Unformatted text preview: pletely different from the ones you were used to, you could easily adapt. Computers are not nearly so flexible. Many face-to-face protocols rely on people’s presence to ensure fairness and security. Would you send a stranger a pile of cash to buy groceries for you? Would you play poker with someone if you couldn’t see him shuffle and deal? Would you mail the government your secret ballot without some assurance of anonymity? It is naïve to assume that people on computer networks are honest. It is naïve to assume that the managers of computer networks are honest. It is even naïve to assume that the designers of computer networks are honest. Most are, but the dishonest few can do a lot of damage. By formalizing protocols, we can examine ways in which dishonest parties can subvert them. Then we can develop protocols that are immune to that subversion. In addition to formalizing behavior, protocols abstract the process of accomplishing a task from the mechanism by which the task is accomplished. A communications protocol is the same whether implemented on PCs or VAXs. We can examine the protocol without getting bogged down in the implementation details. When we are convinced we have a good protocol, we can implement it in everything from computers to telephones to intelligent muffin toasters. The Players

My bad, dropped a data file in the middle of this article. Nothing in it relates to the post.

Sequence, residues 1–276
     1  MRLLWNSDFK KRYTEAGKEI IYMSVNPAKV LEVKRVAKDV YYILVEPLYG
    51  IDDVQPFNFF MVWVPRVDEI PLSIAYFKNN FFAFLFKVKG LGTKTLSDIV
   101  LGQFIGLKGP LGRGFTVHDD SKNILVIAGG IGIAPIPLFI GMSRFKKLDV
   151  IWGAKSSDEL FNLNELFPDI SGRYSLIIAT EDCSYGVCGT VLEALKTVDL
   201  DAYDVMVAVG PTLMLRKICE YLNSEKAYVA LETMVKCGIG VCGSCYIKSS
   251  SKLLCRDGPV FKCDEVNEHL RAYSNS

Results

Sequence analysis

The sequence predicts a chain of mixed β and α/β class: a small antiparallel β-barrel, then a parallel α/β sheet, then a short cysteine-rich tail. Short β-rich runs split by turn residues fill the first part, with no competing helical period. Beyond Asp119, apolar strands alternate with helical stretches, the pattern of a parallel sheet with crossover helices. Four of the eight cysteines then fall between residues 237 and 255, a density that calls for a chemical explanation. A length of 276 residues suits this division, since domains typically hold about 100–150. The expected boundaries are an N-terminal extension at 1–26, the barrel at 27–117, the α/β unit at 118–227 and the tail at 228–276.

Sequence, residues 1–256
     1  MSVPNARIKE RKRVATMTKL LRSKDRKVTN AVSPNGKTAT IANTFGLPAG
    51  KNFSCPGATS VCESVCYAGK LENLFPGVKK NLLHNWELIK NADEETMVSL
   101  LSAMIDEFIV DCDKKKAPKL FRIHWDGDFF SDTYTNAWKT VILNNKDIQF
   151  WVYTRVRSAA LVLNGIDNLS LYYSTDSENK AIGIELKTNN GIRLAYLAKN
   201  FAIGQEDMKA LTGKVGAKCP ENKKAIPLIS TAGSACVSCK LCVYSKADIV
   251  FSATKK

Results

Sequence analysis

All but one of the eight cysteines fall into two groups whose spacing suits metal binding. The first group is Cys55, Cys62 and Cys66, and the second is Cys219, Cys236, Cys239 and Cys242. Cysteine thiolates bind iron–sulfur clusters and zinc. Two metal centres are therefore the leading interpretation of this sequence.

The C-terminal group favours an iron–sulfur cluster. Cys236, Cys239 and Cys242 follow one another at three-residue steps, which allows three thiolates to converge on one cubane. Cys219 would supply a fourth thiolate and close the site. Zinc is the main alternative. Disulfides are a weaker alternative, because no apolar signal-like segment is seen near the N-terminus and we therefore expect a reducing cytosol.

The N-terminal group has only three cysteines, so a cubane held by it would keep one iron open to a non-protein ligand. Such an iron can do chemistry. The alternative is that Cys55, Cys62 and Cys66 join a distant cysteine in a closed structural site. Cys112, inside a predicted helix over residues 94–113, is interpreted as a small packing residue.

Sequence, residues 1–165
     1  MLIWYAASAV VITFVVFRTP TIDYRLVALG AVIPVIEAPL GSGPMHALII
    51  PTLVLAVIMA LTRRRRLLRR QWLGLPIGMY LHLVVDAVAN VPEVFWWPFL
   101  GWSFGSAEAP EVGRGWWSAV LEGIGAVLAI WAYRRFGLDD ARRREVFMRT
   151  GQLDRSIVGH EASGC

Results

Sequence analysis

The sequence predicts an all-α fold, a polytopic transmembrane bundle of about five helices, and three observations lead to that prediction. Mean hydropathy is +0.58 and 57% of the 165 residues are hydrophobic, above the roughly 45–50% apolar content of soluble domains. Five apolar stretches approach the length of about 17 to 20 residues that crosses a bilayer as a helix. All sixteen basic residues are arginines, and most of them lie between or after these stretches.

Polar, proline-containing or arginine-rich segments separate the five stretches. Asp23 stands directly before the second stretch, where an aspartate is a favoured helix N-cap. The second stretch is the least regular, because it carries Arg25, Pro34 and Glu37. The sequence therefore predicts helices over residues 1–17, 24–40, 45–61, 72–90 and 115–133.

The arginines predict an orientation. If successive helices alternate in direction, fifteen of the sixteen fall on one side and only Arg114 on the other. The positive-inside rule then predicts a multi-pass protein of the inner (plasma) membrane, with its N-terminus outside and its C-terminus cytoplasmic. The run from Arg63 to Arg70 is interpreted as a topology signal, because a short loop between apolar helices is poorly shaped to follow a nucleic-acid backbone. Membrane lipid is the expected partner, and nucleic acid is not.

To help demonstrate protocols, I have enlisted the aid of several people (see Table 2.1). Alice and Bob are the first two. They will perform all general two-person protocols. As a rule, Alice will initiate all protocols and Bob will respond. If the protocol requires a third or fourth person, Carol and Dave will perform those roles. Other actors will play specialized supporting roles; they will be introduced later. Arbitrated Protocols
An arbitrator is a disinterested third party trusted to complete a protocol (see Figure 2.1a). Disinterested means that the arbitrator has no vested interest in the protocol and no particular allegiance to any of the parties involved. Trusted means that all people...
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This note was uploaded on 10/18/2010 for the course MATH CS 301 taught by Professor Aliulger during the Fall '10 term at Koç University.
- Fall '10